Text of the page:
King cake gives Baltimore baker a taste of home
BALTIMORE (AP) — At 8 years old, Jose Vargas learned to make rosca de reyes, a traditional Mexican dessert, alongside his grandfather in the kitchen.
Vargas, 48, moved from Puebla, Mexico, to the United States in 1999. But he brought his love of rosca de reyes with him and now prepares and sells 400 to 500 of them every year at his Vargas Bakery in Highlandtown in preparation of Día de los Reyes, or Three Kings Day, on Jan. 6.
Rosca de reyes, or king cake, is topped with fruits sticking to a color palette of yellow, red, white and green, Vargas said. The cakes are oval-shaped, resembling a Christmas wreath.
“It signifies the love of God because it doesn’t have a beginning, doesn’t have an end,” Vargas said in Spanish.
Each rosca, which usually has an orange taste and is in between spongy and firm with a breadlike texture, takes Vargas a little over an hour to make. He bakes the cakes in batches and then decorates them individually.
“Our roscas have a special touch from our town,” Vargas said. “A different flavor.”
Vargas said he opened his small bakery, located on the corner of South Highland Avenue and Gough Street, 15 years ago. As customers step into the space and approach the front counter overlooking more sweets than can be counted — including Vargas’s favorite, sweet concha bread, which is usually flavored with chocolate or vanilla — there are party-ready signs overhead in English and Spanish for baptisms and First Communion celebrations.
Across the street from Vargas Bakery is Taqueria Vargas & Restaurant, which serves Mexican favorites. A third business, Vargas Restaurant & Bakery in Essex, is managed by Vargas’ son, Gary, and there’s a bar and grill in development. Vargas Bakery is the oldest of the bunch.
Gary Vargas, like his father, grew up helping out in the kitchen.
“As soon as I would get out of school, I would like to help my father out a little bit, after I’d done my homework and everything,” Vargas, 21, said. “He would let me help him out — baking bread, taking bread out, assorting it.”
Jose Vargas said the bakery has been the family’s best source of income for years. When he first came to Baltimore, he worked for another Hispanic-owned bakery in the area, which he said has since closed. Vargas said the demand for bread was high, but there was a shortage of Latino-owned bakeries in the area, so he decided to open his own. He chose Highlandtown because it already had a thriving Hispanic community.
Baltimore’s Hispanic population has increased nearly 77% since 2010, according to 2020 census numbers. Hispanic residents now make up about 7.8% of the city’s population.
At Vargas Bakery, customers can order rosca de reyes in three sizes. The largest comes in at $45, followed by a medium-sized rosca for $35 and a small rosca for $25.
Inside each rosca are small plastic baby dolls, meant to represent the baby Jesus. Vargas said whoever finds a baby doll in their slice must prepare a dish, such as tamales or arroz con leche, for the religious celebration Día de la Candelaria, or Candlemas, in February.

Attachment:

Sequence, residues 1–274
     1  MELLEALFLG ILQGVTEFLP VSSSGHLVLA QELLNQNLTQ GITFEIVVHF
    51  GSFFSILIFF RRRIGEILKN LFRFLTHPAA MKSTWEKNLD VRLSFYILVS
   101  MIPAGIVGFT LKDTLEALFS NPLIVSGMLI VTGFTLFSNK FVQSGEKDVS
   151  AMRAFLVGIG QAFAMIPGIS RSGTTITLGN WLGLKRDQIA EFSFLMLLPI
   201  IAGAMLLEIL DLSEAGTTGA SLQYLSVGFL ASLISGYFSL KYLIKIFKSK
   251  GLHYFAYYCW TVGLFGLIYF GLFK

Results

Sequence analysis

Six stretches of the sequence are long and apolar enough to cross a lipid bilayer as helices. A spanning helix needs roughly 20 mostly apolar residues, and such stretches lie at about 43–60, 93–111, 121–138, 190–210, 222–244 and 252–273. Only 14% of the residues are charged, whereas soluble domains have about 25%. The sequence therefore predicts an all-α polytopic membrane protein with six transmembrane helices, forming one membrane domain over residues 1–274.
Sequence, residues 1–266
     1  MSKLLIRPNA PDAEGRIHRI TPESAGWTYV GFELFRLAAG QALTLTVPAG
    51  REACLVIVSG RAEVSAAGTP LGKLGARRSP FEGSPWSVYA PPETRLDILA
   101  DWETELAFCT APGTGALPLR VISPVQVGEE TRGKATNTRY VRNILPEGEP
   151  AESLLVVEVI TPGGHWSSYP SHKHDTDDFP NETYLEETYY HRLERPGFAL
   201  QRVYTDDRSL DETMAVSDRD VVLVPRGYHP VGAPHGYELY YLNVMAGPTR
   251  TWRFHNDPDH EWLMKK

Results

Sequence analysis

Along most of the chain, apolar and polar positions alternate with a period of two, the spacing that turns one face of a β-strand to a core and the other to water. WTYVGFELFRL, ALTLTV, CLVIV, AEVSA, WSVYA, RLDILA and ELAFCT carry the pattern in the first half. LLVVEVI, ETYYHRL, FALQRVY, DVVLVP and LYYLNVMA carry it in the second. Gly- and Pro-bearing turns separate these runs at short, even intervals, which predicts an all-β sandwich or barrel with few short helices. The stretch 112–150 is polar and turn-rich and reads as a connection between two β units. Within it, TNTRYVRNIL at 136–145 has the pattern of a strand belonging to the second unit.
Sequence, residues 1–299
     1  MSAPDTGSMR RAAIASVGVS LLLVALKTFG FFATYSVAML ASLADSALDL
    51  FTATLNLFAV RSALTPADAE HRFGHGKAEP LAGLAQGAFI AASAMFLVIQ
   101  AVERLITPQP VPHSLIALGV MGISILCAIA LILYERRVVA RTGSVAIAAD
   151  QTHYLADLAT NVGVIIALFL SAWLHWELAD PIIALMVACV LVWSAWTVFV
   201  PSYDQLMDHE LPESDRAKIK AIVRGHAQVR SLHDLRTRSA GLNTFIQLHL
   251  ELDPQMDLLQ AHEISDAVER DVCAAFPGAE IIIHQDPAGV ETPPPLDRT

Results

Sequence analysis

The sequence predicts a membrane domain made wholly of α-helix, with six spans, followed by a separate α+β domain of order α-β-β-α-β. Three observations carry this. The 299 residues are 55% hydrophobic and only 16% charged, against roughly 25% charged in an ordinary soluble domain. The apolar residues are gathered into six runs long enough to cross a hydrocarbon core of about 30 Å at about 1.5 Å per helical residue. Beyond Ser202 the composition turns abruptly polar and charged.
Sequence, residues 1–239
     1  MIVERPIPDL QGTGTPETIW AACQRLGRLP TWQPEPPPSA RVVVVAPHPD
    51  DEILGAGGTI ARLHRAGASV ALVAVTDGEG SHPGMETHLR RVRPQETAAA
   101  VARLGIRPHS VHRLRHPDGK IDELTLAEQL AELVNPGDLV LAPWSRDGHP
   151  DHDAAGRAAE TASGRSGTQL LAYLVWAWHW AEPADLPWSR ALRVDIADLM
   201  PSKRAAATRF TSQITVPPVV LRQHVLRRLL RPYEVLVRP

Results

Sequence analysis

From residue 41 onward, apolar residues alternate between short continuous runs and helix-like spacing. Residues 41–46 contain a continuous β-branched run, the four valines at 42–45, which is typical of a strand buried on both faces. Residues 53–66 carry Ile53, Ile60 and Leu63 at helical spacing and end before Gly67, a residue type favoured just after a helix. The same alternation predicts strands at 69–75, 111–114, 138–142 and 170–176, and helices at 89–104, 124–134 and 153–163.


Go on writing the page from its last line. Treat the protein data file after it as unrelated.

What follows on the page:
The large cakes come with six figurines, the medium cakes with four and the small cakes with two, but Vargas is happy to add as many dolls as a customer wants for an additional fee.
Evelyn Canabal-Torres is a principal lecturer in the Spanish and Portuguese department at the University of Maryland. She lived in Puerto Rico until she was 17 and said Día de los Reyes is a “huge day” there.
In the story of Jesus’ birth, the three kings, sometimes called wise men, brought gifts of gold, frankincense and myrrh to commemorate the event.
Canabal-Torres recalls festivals and processions on the holidays, with statues of the three kings appearing everywhere. Children receive gifts after leaving grass in shoeboxes for the kings’ horses. There are parties where everyone drinks, eats and dances.
Now that her son is grown up, Canabal-Torres visits home around the holidays and gets to celebrate Día de los Reyes. When asked her favorite part about the holiday, Canabal-Torres said it’s that “Christmas lasts longer than anyplace else.”
Rosca de reyes isn’t part of the island tradition, but Canabal-Torres celebrated in Mexico one year and said the cake was “delicious.”
She thinks it’s important to celebrate the holiday, even far from home, because it feels distinct from a more commercialized, American Christmas.
“Most of us didn’t come here because we wanted to. We sort of had to go to better ourselves. And I believe it keeps us grounded to who we are,” Canabal-Torres said. “It’s mostly the folk tradition, the music, the traditional food. It’s happy to be singing in Spanish and dancing and being, I don’t know, loud and happy about it.”
Vargas said he makes eight large roscas for his family alone, which comes to about 50 people on Día de los Reyes.
But it isn’t just Latinos who partake, Vargas said; the bakery gets orders from non-Hispanic Americans, too, and larger orders from schools and churches.
“It’s a nice part to bring back to the community a little bit of what his pueblo was, a little bit of taste, a little bit of diversity,” Gary Vargas said. “Basically what this means — the bakery, the restaurants and everything — basically just to bring a little piece of home to everyone who is here, who can’t go back.”